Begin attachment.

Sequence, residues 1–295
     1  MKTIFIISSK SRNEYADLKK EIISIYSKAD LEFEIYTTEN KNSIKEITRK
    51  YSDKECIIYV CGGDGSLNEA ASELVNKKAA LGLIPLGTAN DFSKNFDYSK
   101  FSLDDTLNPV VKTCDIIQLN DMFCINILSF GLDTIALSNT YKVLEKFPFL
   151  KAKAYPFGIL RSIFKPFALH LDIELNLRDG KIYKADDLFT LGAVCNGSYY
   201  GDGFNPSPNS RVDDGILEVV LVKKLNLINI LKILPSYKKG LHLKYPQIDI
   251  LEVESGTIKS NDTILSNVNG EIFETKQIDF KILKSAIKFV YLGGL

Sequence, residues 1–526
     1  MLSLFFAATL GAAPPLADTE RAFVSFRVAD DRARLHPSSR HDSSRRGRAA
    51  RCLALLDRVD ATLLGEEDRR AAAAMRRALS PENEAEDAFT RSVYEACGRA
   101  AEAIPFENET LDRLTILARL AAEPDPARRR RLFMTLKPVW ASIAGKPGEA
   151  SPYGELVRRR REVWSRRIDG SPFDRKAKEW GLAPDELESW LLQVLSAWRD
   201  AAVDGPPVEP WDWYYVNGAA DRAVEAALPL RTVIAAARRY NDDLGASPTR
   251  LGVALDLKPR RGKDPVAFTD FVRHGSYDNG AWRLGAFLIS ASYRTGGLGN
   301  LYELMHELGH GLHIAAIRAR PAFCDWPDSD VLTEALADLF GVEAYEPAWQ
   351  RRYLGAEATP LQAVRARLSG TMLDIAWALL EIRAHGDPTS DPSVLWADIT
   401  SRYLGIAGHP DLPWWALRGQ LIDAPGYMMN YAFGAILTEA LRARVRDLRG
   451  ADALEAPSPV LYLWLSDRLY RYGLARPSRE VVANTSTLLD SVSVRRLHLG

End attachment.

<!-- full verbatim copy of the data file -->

Sequence, residues 1–295
     1  MKTIFIISSK SRNEYADLKK EIISIYSKAD LEFEIYTTEN KNSIKEITRK
    51  YSDKECIIYV CGGDGSLNEA ASELVNKKAA LGLIPLGTAN DFSKNFDYSK
   101  FSLDDTLNPV VKTCDIIQLN DMFCINILSF GLDTIALSNT YKVLEKFPFL
   151  KAKAYPFGIL RSIFKPFALH LDIELNLRDG KIYKADDLFT LGAVCNGSYY
   201  GDGFNPSPNS RVDDGILEVV LVKKLNLINI LKILPSYKKG LHLKYPQIDI
   251  LEVESGTIKS NDTILSNVNG EIFETKQIDF KILKSAIKFV YLGGL

Sequence, residues 1–526
     1  MLSLFFAATL GAAPPLADTE RAFVSFRVAD DRARLHPSSR HDSSRRGRAA
    51  RCLALLDRVD ATLLGEEDRR AAAAMRRALS PENEAEDAFT RSVYEACGRA
   101  AEAIPFENET LDRLTILARL AAEPDPARRR RLFMTLKPVW ASIAGKPGEA
   151  SPYGELVRRR REVWSRRIDG SPFDRKAKEW GLAPDELESW LLQVLSAWRD
   201  AAVDGPPVEP WDWYYVNGAA DRAVEAALPL RTVIAAARRY NDDLGASPTR
   251  LGVALDLKPR RGKDPVAFTD FVRHGSYDNG AWRLGAFLIS ASYRTGGLGN
   301  LYELMHELGH GLHIAAIRAR PAFCDWPDSD VLTEALADLF GVEAYEPAWQ
   351  RRYLGAEATP LQAVRARLSG TMLDIAWALL EIRAHGDPTS DPSVLWADIT
   401  SRYLGIAGHP DLPWWALRGQ LIDAPGYMMN YAFGAILTEA LRARVRDLRG
   451  ADALEAPSPV LYLWLSDRLY RYGLARPSRE VVANTSTLLD SVSVRRLHLG